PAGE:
Opinion | Will India seize the wave of disruptive technology?4 min read . Updated: 12 Oct 2018, 05:34 AM IST
Digital technology helps firms to innovate and scale up quickly, challenging traditional production patterns and blurring boundaries
There are many ways to ‘Make in India’. What we know is that technology is going to be at the forefront of the quest to create more jobs in India. But how can India benefit from the opportunities that the advent of new technologies provide?
In its latest World Development Report, The Changing Nature of Work, the World Bank examines the global implications of the ongoing technological shift that is dramatically altering the nature of work. In so doing, it highlights many of the challenges facing India and other emerging economies as they seek to create jobs for their people.
As Asia’s third-largest economy, India needs to create jobs on a huge scale to absorb the large number of young people entering its working age population. The challenge is to turn this technological shift to everyone’s advantage, so that its benefits are shared more widely.
Technology is also reshaping every industry and setting new demands for skills in every profession. The skills needed for work are changing, literally, every day. New jobs will require specific skills—a combination of technological knowhow, problem solving, and critical-thinking skills, as well as soft skills such as perseverance, collaboration, and empathy. That means countries must invest much more—and more effectively—in their people to build human capital.
Investing in human capital is the key mechanism to ensure that the next generation is ready for the changing nature of work. However, too many countries are under-investing in these critical areas—especially in the early formative years of childhood, when the ability to learn new skills quickly is decisively molded. When countries don’t invest in good education and health to build human capital, it puts successive generations—especially the poorest—at a severe disadvantage, exacerbates inequalities that already exist, and threatens to create instability when rising aspirations are met with frustration instead of opportunity.
Some features of the current wave of technological progress are notable. For instance, digital technology helps firms to innovate and scale up quickly, challenging traditional production patterns and blurring boundaries. New business models—digital platform firms—evolve rapidly from local start-ups to global behemoths, often with few employees and tangible assets, or “scale without mass".
Think of IKEA, today a ubiquitous global brand. Yet it took IKEA 75 years to reach the point where it generates $45 billion in global revenues across 50 countries. Now compare IKEA’s glacial pace of expansion with the turbo-charged ascent of Alibaba, which reached a million users in just two years.
The rise of digital platform market places allows the impact of technology to reach more people more quickly than ever before, bringing economic opportunity to millions who do not live in industrialized countries, or even in the industrial areas of the developing world.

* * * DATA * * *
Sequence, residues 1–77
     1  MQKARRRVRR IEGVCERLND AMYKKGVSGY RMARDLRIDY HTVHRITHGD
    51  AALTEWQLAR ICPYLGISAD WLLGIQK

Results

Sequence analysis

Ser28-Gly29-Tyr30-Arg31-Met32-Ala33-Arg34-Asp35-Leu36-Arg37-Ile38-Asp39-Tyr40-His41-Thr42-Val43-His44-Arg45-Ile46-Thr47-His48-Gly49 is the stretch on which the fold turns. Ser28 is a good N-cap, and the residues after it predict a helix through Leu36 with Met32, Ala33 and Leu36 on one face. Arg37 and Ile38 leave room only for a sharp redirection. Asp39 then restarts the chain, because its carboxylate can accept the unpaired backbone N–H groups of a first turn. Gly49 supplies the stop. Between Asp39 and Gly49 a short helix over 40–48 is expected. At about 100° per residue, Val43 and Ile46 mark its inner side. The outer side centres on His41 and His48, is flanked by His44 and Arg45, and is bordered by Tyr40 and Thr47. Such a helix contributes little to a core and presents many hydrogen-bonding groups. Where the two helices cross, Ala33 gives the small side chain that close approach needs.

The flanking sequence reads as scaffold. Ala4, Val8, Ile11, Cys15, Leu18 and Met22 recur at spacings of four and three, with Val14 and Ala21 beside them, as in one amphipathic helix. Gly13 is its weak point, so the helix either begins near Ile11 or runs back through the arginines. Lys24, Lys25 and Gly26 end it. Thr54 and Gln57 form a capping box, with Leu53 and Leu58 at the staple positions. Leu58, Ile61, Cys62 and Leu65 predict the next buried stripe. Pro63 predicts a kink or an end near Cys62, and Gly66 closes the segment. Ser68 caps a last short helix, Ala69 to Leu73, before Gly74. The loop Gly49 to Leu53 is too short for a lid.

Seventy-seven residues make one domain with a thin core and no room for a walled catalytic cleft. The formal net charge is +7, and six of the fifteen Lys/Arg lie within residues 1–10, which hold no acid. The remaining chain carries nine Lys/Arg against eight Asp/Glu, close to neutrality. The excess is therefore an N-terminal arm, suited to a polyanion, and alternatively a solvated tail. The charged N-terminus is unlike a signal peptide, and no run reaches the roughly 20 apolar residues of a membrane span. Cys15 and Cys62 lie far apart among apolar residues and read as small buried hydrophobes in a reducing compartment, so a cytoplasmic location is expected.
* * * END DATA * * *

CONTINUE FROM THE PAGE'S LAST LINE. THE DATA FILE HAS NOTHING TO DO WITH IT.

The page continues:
Platform-based businesses are on the rise in India too, harnessing technology to reach more people faster than ever before. For instance, the online consulting platform Indiez, founded in 2016, brings together a widely distributed community of talent from remote locations—mainly from India, Southeast Asia, and Eastern Europe. Indiez takes a team-based approach to online freelancing and works on technology projects all over the world. Their clients include the Domino’s Pizza restaurant chain in India, as well as the Aditya Birla Group, the Indian multinational conglomerate.
So what are the downsides of new technology?
First, digital markets create new opportunities for firms to stifle their competitors through user data and lead to the emergence of monopolies. Second, firms that possess “scale without mass" create new challenges for taxation. It is difficult to determine where value is created when businesses have a combination of users and ideas and production takes place across borders.
Profit shifting continues to be a challenge, despite recent multilateral efforts to combat it. Multinationals—digital and traditional—shift about 45% of their profits to tax havens, resulting in a loss of 12% of global corporate tax revenue. India, along with Australia, Brazil, France, Japan, Mexico, and the US, as well as much of Africa, are among the countries estimated to be most hurt by profit-shifting.
Revenues generated through digital advertising can also be hard to capture. Two years ago, the government of India introduced a 6% equalization levy on online advertising revenue paid by Indian companies to non-resident e-commerce companies.
These are hurdles that must be overcome because providing the new kinds of social protection that people need in the changing nature of work will be costly but achievable with sensible tax reforms. Even so, it’s clear that digital platforms provide new economic opportunities to people. As long as they have access to the internet, women and people living in rural areas have the ability to create their own businesses, or work from home for employers who are thousands of miles away.
The internet and digital technology are the new superhighways of trade. India, where most workers are employed in the informal sector and the participation of women in the labour force is low, has an opportunity to seize the opportunities that digital technology provides. Innovation is also a friend to entrepreneurs and India’s entrepreneurial spirit makes it an ideal incubator for start-ups to thrive.
Federica Saliola is joint director of the World Development Report 2019.